Document Type

Article

Publication Date

6-1-2021

Publication Title

J Acad Nutr Diet

Abstract

BACKGROUND: Infant feeding practices are thought to shape food acceptance and preferences. However, few studies have evaluated whether these affect child diet later in life.

OBJECTIVE: The study objective was to examine the association between infant feeding practices and dietary patterns (DPs) in school-aged children.

DESIGN: A secondary analysis of data from a diverse prospective birth cohort with 10 years of follow-up (WHEALS [Wayne County Health Environment Allergy and Asthma Longitudinal Study]) was conducted.

PARTICIPANTS/SETTING: Children from the WHEALS (Detroit, MI, born 2003 through 2007) who completed a food screener at age 10 years were included (471 of 1,258 original participants).

MAIN OUTCOME MEASURES: The main outcome was DPs at age 10 years, identified using the Block Kids Food Screener.

STATISTICAL ANALYSIS PERFORMED: Latent class analysis was applied for DP identification. Breastfeeding and age at solid food introduction were associated with DPs using a 3-step approach for latent class modeling based on multinomial logistic regression models.

RESULTS: The following childhood DPs were identified: processed/energy-dense food (35%), variety plus high intake (41%), and healthy (24%). After weighting for loss to follow-up and covariate adjustment, compared with formula-fed children at 1 month, breastfed children had 0.41 times lower odds of the processed/energy-dense food DP vs the healthy DP (95% CI 0.14 to 1.25) and 0.53 times lower odds of the variety plus high intake DP (95% CI 0.17 to 1.61), neither of which were statistically significant. Results were similar, but more imprecise, for breastfeeding at 6 months. In addition, the association between age at solid food introduction and DP was nonsignificant, with each 1-month increase in age at solid food introduction associated with 0.81 times lower odds of the processed/energy-dense food DP relative to the healthy DP (95% CI 0.64 to 1.02).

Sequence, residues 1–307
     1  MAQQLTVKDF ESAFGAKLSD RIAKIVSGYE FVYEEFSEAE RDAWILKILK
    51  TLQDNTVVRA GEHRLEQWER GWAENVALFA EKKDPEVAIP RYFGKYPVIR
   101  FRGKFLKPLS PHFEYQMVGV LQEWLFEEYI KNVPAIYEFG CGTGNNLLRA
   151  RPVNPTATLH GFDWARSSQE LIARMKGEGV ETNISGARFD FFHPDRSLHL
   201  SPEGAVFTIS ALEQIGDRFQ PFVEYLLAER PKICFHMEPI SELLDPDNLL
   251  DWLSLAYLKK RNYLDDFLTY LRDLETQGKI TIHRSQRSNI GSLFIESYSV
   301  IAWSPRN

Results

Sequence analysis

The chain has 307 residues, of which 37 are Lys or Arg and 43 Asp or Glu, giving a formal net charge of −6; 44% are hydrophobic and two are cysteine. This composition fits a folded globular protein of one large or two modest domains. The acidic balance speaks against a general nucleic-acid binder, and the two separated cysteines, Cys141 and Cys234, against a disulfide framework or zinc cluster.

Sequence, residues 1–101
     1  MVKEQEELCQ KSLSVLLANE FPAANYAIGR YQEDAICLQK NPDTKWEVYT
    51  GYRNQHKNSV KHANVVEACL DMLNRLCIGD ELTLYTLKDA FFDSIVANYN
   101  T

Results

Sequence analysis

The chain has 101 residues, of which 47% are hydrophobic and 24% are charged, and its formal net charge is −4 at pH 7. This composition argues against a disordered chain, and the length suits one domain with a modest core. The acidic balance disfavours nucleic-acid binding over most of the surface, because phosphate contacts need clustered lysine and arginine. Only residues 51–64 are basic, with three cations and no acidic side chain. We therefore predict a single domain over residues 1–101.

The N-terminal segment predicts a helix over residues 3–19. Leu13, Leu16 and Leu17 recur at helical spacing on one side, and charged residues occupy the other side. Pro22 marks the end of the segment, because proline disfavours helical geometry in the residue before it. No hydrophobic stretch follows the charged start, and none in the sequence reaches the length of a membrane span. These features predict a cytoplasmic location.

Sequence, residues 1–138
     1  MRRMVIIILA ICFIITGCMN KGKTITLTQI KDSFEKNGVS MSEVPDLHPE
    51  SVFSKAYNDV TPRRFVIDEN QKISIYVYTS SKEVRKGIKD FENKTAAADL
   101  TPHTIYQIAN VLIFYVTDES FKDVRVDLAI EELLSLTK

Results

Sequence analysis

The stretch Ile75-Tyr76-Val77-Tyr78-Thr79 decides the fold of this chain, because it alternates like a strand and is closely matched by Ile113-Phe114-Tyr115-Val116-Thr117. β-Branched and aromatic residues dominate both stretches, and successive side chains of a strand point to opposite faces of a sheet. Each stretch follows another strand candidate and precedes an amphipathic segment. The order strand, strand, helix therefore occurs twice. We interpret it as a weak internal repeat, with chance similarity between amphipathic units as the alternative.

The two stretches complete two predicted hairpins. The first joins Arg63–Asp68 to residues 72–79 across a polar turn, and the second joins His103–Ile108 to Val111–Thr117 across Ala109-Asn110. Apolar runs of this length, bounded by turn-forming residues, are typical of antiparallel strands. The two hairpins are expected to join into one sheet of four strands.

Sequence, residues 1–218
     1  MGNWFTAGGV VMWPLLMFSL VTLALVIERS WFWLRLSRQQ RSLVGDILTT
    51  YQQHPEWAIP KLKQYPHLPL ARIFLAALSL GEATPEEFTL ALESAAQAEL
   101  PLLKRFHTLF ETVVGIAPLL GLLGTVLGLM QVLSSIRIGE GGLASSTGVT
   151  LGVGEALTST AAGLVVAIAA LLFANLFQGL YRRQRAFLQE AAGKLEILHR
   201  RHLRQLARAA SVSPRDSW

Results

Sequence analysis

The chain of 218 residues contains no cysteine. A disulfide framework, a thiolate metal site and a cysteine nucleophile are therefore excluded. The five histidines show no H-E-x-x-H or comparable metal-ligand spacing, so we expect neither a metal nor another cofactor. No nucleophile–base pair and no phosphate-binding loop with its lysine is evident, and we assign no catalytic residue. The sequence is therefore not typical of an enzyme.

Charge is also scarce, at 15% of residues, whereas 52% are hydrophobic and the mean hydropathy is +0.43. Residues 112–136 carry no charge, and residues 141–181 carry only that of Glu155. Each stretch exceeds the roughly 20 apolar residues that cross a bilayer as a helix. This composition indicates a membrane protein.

CONCLUSIONS: A significant association between early life feeding practices and dietary patterns at school age was not detected. Large studies with follow-up beyond early childhood that can also adjust for the multitude of potential confounders associated with breastfeeding are needed.

PubMed ID

33544667

Volume

121

Issue

6

First Page

1064

Last Page

1079

Share

COinS